We asked a few of our favorite veterinarians and vet technicians to share their pet vet tips. Read what they have to say and learn how you can save time and money.
Medical notes aren’t just about your pet
Most vet practices keep extensive notes on behavior—both animal and human. If you act aggressively in the waiting room or examination room, it will be noted. Always treat the staff with the respect they deserve.
Fat owner, fat pet
Obviously, no professional office is going to say it. But if you are overweight and inactive, there’s a good chance your pet will mirror your behavior. C’mon…take a walk!
It’s a hospital, not a hotel
Don’t expect vet hospitals to turn the bed down and leave a biscuit on the pillow. Your pet stays at the vet because it needs medical care. The vet gets them healthy and back to home. You get to spoil them!
Vets aren’t clairvoyant
As often as their human counterparts, pets need diagnostic tests. If you say no to x-rays or blood work, how do you expect a doctor to make a diagnosis? The cheap comes out expensive when you make doctors guess.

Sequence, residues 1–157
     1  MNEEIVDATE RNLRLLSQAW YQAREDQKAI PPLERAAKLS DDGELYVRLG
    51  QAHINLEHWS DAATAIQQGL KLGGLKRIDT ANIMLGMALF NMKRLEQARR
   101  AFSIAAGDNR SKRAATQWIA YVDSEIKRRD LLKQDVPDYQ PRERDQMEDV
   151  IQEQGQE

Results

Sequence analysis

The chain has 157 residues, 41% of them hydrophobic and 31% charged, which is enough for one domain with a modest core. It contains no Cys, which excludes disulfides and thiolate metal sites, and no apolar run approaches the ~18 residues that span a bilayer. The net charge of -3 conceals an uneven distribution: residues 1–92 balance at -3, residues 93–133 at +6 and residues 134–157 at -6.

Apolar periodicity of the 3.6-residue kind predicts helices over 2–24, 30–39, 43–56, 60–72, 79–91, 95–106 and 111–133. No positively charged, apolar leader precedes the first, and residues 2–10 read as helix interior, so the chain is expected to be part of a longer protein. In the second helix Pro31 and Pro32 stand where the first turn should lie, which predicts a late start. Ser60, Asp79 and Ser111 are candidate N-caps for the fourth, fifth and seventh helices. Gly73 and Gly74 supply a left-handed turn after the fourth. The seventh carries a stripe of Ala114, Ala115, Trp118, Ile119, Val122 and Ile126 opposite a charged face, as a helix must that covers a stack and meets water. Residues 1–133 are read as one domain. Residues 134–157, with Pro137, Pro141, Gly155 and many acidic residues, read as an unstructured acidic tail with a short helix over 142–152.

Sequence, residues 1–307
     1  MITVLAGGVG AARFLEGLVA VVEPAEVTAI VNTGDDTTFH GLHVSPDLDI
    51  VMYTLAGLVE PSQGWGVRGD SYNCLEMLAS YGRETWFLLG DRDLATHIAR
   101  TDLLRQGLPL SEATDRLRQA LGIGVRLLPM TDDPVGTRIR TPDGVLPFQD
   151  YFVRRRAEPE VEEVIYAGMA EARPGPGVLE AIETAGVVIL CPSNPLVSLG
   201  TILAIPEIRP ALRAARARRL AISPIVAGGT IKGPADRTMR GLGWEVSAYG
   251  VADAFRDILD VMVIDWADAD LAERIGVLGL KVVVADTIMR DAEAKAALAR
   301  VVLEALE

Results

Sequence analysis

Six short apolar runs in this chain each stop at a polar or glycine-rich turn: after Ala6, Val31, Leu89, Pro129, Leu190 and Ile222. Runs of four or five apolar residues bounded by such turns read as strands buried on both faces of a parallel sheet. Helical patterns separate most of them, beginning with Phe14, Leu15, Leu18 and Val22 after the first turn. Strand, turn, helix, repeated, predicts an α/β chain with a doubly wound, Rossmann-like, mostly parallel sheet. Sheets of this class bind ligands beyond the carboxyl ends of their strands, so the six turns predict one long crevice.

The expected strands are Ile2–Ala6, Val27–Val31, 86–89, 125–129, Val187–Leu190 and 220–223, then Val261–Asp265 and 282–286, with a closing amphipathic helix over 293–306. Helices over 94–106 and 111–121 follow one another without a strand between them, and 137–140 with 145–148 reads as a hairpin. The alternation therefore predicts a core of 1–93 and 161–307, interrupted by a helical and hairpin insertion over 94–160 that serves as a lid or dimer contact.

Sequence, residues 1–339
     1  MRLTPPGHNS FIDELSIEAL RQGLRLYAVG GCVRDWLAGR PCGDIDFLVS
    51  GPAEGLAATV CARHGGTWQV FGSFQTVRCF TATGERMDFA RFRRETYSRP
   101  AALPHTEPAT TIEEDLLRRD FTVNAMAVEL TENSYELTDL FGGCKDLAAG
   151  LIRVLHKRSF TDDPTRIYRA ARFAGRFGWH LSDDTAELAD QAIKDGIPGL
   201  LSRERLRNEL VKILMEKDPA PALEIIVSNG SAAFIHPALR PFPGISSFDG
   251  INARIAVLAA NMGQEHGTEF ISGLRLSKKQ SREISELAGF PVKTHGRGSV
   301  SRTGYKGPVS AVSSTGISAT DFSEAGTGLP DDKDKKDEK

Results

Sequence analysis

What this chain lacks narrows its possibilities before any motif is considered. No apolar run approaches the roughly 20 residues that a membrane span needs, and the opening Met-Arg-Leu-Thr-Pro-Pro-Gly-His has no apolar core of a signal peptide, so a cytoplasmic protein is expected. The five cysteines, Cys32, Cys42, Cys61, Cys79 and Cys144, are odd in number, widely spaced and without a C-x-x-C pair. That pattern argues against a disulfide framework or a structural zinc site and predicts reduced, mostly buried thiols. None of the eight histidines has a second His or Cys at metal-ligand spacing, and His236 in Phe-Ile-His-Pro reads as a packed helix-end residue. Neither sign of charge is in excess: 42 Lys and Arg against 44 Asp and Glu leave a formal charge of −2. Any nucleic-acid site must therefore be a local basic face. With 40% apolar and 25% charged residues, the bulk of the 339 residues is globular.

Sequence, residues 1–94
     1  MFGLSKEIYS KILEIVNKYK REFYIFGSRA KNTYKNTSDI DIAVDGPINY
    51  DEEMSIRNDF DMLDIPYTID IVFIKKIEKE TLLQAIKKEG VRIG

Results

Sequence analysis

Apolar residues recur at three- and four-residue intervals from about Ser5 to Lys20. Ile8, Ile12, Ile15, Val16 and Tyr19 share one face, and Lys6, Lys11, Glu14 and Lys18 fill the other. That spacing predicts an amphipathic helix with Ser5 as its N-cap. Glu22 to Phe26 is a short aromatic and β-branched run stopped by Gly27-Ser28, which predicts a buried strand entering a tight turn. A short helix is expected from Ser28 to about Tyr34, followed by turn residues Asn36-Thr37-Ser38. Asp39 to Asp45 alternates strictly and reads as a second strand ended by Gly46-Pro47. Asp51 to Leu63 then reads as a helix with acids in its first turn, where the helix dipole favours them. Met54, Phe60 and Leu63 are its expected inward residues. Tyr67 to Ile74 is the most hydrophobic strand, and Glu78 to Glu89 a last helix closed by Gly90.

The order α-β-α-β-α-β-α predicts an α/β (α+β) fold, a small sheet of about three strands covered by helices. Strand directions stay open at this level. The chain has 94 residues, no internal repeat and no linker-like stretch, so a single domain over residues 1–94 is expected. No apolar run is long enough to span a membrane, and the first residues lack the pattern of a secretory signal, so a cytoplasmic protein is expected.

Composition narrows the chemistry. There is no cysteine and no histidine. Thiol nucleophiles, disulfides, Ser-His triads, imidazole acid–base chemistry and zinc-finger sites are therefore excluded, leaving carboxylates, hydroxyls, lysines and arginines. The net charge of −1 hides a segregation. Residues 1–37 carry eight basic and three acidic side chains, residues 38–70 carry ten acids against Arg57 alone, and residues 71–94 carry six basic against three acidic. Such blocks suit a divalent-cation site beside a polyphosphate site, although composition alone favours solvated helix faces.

Give ‘em the shot
Some vets don’t use painkillers for procedures they know are painful. They think that dogs and cats don’t need it or that feeling pain after surgery is good because it keeps them from moving around too much. Research shows that pets that are in less pain heal faster, sleep better, and don’t move around as much.
No-kill shelters—No such thing
Animals housed at no-kill shelters are routinely euthanized. Hopefully, it’s a matter of health and not a matter of overcrowding, age discrimination etc.
Your high-priced hybrid is a mutt
Puggle and Pomsky, and all the “Oodles” that people pay thousands for…they’re mutts, All-Americans or Heinz 57 mixes. Whoever thought up this marketing plan is a genius!
You wouldn’t drive a car without insurance
Some people think pet insurance is a waste of money and that they’ll never need it. You may not have had a broken water pipe in the house last year, but what if….?
Expensive food doesn’t make it good
Do some research and get the facts about your pet’s nutritional needs. More often than not, you are paying for the convenience of those little pouches and packets, not for the quality of the food.
Be realistic when choosing a pet
If you live in a small apartment, have limited access to the outdoors, hate to walk and work 12 hours a day, a St. Bernard may not be the dog for you. Can anyone say fish tank?